Wednesday, January 11, 2012

Yes, Virginia, there is a Momblogville

With special love to Lindsay, Rach, and my dearest "real life" bestie Elizabeth.

I've never been good at making friends. The few close friends I have who have stood the test of time are people who stumbled into my life in one way or another (be it through band or math club or the campus housing lottery), and for that I am so grateful. They may be spread around the country - world even - but they are still a part of me.

But going out and meeting people? Is hard.

When I was working, I had a group of girls I would go out for drinks with after school on Fridays. But then I realized that they all saw each other other times too, and went to each other's houses and weddings. They genuinely liked me, and I don't fault them for any of it, but they didn't know me. That wasn't their fault. I didn't say much.

After I had Baby Girl,I knew I needed to get out. For me, it was a turning point in my depression when I got out of my house and met people. I joined a MOMS Club, and I am so glad that I did. It's pleasant, and I feel comfortable there, and they really genuinely like me.

But sometimes I go there and wonder if I will ever belong.

I go to meetings and I listen, but I don't talk much. Thank God for my extroverted little girl who keeps me in the thick of things at playgroups (although, she is a notorious mommy stealer. Other babies beware). I have started to wonder whether as an adult woman, I am just not likely to ever again make the kinds of friends I have been blessed with since adolescence. You know, the kind you can just sit with and have a cup of tea and a piece of cake, but you can also lean on them and pour out your hearts and dreams. I have my few close friends, and maybe, I've thought many times, maybe I'm done. Maybe I should stop looking.

But then I met all of you.

Since I've been blogging, I have been overwhelmed by the community I have found. There are women out there like me, who understand me, who are willing to listen to me pour out my heart and soul and guts and who at the end of it all? Still like me.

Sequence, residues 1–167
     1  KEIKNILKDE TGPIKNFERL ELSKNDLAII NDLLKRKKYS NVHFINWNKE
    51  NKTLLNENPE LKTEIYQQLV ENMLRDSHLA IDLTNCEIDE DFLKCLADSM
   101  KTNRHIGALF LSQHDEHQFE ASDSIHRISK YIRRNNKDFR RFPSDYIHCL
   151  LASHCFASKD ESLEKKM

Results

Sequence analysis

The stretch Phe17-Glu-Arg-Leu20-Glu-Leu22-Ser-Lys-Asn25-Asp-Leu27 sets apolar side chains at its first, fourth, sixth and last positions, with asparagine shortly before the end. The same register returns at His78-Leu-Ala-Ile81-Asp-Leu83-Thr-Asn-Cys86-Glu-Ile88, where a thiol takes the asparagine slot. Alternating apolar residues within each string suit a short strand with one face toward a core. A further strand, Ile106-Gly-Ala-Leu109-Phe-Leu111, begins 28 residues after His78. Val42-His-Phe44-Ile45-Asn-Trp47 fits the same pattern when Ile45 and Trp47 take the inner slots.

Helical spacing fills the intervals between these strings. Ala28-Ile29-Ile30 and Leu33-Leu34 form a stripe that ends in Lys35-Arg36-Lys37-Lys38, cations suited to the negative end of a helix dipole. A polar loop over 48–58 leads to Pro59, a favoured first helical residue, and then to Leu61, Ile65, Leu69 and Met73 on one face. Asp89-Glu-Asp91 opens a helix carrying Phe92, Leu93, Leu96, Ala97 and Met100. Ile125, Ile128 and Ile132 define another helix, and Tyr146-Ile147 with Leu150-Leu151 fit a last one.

On the twitter, we sometimes joke about how we wish there were a Momblogville, where we could all stop by each other's houses for tea and have the best playgroups in the world, and where Hobby Lobby would never close.

We say to each other, "I wish Momblogville were real."

Well, I'm going to tell you right now. It is. You, my dears, are some of the most real friends I have.

So stop on over for tea any time. Oh and if you can? Bring cake.

Tuesday, January 10, 2012

My not so surprising one word

I had no intention of writing a one word post. I mean, I already wrote about how I feel about the New Year, and I don't think I could be any more clear that what I am looking for is peace and purpose. So I was done, and I was ready to go about the business of living the new year without any more ado.

But my words had different ideas.

Every time I read a one word post from someone else, and tried to comment on it, I heard one thing in the back of my head.


And then finally one day, "Kindness, DUMMY."

Oh. (Although you're kind of missing the point there, self.)

I've been searching for purpose, searching everywhere except apparently my own brain and heart. There is little doubt in my mind now that kindness is my purpose.

And so 2012 will be the year of kindness. Kindness in all things, no matter how small they may be. Because in the end, that's all that truly matters.

And maybe, just maybe if I'm brave enough, kindness to myself.

Thursday, January 5, 2012

On gratitude

Every morning that I'm on twitter (errm, every morning) I try to remember to post a list of 3 things I am grateful for. I don't know whose idea this was originally. I know that I stole it.

Most mornings, I putz around and think of things to be grateful for: my coffee (okay, it's my coffee a lot), my slippers, my friends, the roof over my head, butter. I know I should be grateful for these things, and I AM grateful for them. I have a healthy baby, a loving husband, amazing friends, and in most ways in my life I have Enough. No matter how much I am struggling, it's hard to stay cranky when you are listing the good things in your life.